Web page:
In public swimming-pools, an ‘urine-indicator dye’ would be added to the water to catch those who pee in the pool. This special compound would react to urine and produce a red-colored cloud. Particularly widespread in Western countries, this legend is shared by children who often heard it from classmates, parents or teachers.
The ‘Urine-Indicator Dye’ Legend Possible Origins
According to French sociologist Véronique Campion-Vincent, the ‘urine-indicator dye’ belief is attested since the 40’s in France. “We can undoubtfully trace this legend back to the advent of public swimming pools in Europe and North America, Martine Roberge adds, with the use of chemicals such as chlorine to desinfect these stagnant water pools”. In Quebec, this legend is known since the 50’s, as the Canadian ethnologist points out.
Opened in 1930, the Paris Amiraux swimming pool is the first one to use chlorine as a disinfectant in France, thanks to a process developped during WWI to make water drinkable (verdunization). With the Butte-aux-Cailles swimming pool (1924), it prefigures the modern swimming pool model that will flourish in French towns during the Glorious Thirty era (1945-1975), alongside the democratization of swimming lessons at school.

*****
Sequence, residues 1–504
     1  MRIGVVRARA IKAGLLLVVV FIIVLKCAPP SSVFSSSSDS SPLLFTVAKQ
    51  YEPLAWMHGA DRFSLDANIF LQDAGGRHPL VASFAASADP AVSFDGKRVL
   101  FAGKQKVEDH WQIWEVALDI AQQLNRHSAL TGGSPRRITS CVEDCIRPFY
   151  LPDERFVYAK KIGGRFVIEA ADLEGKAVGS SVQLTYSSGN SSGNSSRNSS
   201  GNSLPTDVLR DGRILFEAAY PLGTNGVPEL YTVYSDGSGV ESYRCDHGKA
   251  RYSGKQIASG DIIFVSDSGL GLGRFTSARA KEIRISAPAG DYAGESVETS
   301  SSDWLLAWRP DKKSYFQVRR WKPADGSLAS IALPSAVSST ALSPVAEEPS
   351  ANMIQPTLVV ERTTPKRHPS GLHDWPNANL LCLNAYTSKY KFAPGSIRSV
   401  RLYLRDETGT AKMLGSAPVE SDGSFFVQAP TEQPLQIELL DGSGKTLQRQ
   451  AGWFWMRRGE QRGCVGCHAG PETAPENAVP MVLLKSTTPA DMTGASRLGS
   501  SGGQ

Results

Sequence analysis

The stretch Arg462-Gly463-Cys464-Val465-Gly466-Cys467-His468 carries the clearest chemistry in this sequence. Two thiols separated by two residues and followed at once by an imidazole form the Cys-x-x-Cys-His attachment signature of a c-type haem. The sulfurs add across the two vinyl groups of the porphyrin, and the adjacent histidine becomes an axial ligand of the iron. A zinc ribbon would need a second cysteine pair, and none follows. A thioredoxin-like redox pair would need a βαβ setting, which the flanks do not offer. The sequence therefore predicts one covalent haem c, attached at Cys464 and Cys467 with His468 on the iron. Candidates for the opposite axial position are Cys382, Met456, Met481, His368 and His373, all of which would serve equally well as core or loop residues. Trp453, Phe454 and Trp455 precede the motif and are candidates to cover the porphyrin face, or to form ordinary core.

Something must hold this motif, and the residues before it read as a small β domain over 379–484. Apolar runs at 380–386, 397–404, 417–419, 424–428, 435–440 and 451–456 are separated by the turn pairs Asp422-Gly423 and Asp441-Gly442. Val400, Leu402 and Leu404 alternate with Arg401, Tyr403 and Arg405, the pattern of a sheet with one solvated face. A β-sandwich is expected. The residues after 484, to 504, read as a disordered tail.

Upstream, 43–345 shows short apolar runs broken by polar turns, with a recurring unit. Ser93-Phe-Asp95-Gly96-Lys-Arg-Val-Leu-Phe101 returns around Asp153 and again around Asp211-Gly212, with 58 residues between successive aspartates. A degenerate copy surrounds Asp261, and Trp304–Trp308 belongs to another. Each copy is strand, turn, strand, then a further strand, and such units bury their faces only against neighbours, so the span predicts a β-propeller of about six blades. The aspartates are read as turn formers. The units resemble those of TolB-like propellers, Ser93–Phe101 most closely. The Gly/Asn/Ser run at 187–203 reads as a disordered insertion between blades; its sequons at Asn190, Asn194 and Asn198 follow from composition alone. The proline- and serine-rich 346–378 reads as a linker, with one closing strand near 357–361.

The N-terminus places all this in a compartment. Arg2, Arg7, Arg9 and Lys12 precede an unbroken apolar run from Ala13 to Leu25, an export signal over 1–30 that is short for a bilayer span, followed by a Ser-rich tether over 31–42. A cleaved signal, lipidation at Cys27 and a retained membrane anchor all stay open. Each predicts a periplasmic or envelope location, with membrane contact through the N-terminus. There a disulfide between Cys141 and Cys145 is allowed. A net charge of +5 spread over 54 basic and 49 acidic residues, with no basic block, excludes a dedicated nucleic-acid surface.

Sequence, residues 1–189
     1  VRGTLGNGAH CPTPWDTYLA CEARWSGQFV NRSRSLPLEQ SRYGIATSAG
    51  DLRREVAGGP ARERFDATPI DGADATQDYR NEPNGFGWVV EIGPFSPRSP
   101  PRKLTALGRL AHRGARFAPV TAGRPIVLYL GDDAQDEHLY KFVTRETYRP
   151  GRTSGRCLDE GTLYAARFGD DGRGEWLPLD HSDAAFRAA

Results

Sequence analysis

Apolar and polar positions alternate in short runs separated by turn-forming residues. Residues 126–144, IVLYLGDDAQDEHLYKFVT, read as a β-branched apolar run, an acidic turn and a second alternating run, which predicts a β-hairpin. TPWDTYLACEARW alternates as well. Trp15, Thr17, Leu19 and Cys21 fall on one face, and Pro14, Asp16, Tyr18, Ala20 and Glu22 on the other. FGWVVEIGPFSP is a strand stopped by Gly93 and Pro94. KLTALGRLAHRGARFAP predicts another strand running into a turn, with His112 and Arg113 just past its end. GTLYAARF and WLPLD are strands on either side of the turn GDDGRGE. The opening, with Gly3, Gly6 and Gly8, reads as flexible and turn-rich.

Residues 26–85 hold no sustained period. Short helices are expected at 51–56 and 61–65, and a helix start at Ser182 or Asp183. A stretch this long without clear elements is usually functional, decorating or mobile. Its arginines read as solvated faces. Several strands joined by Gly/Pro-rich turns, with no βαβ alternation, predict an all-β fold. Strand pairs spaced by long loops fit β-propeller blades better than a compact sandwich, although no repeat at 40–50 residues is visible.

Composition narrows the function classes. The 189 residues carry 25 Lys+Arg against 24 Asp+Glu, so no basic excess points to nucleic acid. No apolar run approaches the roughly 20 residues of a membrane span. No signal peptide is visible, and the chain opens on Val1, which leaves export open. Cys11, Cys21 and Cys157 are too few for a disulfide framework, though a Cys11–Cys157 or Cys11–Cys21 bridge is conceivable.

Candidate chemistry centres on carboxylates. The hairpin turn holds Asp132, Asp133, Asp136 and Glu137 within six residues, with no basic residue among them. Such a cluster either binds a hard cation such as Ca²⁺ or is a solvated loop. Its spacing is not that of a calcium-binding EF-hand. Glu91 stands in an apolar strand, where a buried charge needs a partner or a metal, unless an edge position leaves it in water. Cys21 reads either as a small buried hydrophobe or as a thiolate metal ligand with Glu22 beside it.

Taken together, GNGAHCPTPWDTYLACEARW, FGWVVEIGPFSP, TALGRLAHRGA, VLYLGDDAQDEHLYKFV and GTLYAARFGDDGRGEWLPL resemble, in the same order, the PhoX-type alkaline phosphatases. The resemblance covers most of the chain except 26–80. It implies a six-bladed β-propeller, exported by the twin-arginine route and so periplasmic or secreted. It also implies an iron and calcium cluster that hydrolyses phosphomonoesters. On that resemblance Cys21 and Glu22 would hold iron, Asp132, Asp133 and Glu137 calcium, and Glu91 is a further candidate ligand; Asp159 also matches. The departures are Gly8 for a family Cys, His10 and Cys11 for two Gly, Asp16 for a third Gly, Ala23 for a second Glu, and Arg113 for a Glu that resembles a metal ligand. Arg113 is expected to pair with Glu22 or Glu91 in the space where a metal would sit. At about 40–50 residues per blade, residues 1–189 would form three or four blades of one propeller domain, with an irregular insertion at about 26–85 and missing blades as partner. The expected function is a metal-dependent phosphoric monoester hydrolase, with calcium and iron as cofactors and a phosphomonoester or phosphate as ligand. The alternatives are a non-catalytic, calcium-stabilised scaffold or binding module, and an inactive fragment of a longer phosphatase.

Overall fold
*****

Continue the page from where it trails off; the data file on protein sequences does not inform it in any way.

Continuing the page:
Strict hygienical rules such as mandatory foot baths, showers and the use of swim caps are an other characteristic of modern swimming pools. These rules are, among other reasons, established to prevent a possible contamination of water by body fluids. Urine in swimming pools can, for example, generate sub-products with irritating effects for the skin, the eyes of the respiratory system.